Spoiled. Stinking. Rotten.
Then came Phoenix.
Payback’s a . . . well, you get the picture.
If Phoenix doesn’t get equal time on ALL the exercises on a regular basis, he handily forgets how to do them in the ring.
Okay, that’s an exaggeration. I know he hasn’t forgotten how to do them. But the weak parts get weaker and things get ugly fast. Absence does not make the broad jump grow fonder. Or something like that.
The problem, as usual, is me. There are some exercises I love to train (heeling, scent articles, directed jumping) and some exercises that bore me to tears (moving stand, drop on recall). So guess which exercises I teach and then cheerfully neglect as much as possible?
Finally I sat down and made the following list:
1) every exercise in Open and Utility
2) our weak spots on each exercise
3) ideas to address those weak spots in training
Example: Drop on recall; slow response to drop command and slow return after drop; work drops out of motion, cookie toss game, work recalls out of a drop.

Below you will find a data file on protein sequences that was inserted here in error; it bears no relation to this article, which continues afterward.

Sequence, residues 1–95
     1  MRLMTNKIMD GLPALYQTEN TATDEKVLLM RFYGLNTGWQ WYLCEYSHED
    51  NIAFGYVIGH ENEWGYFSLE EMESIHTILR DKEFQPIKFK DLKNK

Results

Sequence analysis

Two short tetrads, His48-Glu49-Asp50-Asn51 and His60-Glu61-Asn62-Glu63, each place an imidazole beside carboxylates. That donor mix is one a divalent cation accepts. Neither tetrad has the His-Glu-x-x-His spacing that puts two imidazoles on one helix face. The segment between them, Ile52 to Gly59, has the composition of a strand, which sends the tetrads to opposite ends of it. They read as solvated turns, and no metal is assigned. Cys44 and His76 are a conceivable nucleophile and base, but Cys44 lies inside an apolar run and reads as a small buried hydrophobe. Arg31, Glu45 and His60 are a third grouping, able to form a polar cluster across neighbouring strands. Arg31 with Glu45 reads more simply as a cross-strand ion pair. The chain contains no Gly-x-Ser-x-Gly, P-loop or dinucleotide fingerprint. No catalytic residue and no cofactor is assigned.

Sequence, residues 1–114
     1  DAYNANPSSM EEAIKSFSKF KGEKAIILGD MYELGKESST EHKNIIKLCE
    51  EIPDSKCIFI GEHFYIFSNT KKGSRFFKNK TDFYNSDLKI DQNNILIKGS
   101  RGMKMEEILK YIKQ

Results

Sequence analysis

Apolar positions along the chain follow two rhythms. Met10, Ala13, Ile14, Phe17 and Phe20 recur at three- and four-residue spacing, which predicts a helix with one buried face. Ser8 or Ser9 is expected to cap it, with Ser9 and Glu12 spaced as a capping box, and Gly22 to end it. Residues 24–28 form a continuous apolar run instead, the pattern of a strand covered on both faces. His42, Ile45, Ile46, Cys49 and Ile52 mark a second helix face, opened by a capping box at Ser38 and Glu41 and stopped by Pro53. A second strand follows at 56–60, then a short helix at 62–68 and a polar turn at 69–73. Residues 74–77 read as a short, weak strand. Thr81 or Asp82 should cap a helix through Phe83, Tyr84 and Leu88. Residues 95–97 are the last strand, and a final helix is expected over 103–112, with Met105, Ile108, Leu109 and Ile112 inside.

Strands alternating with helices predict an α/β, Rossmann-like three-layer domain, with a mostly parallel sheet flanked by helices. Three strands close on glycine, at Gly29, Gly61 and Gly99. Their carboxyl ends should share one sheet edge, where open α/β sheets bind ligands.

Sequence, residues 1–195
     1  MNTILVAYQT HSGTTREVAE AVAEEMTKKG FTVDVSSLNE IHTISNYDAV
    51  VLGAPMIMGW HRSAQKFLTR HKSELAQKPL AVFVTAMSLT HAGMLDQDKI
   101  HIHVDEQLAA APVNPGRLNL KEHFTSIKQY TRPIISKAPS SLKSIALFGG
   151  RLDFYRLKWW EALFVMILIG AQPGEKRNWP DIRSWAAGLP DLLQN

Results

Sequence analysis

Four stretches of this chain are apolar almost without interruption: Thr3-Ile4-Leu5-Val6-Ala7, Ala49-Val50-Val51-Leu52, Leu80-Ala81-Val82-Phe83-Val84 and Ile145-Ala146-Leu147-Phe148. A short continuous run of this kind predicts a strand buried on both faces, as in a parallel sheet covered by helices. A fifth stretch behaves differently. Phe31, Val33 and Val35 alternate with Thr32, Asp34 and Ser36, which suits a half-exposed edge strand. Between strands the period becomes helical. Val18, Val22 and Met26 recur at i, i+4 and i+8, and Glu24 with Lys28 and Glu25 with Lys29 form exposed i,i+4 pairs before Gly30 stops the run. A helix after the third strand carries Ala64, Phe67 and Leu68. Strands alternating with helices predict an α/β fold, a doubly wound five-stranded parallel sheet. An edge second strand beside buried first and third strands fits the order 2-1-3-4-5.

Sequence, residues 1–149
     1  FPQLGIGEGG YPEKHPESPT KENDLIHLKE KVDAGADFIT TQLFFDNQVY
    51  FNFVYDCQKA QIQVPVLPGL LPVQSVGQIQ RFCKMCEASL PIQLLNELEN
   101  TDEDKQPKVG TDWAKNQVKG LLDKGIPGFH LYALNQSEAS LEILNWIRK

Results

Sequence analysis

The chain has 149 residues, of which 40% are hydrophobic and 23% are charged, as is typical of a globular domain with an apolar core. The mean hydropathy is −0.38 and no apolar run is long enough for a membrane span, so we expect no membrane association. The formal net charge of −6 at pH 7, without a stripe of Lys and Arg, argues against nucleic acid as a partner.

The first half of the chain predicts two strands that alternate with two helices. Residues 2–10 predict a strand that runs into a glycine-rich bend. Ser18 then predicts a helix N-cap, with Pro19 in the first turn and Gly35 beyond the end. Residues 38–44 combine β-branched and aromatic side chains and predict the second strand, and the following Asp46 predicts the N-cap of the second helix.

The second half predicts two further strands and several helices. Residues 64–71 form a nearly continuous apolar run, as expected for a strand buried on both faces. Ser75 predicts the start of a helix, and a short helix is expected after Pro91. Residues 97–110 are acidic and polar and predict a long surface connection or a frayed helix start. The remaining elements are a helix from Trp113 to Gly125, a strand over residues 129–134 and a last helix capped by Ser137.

I printed out my list, wrote the week’s dates on top and stuck it on the refrigerator. Each time Phoenix and I went to train, I picked 2 or 3 exercises and that’s what we worked. At the end of the session, I put a hash mark beside the exercises we had worked. At the end of the week (or two weeks or whatever) I could see what was getting more than its share of attention and what was getting neglected.
Yeah, my OCD is showing. But having it in front of me in black and white keeps me from conveniently ignoring some exercises and going overboard on others.
It’s old school, using pen on paper. There’s probably a computer program or app out there to track the very same thing but I want that list right in front me, staring at me while I wash dishes and get snacks.
Bring on the broad jump.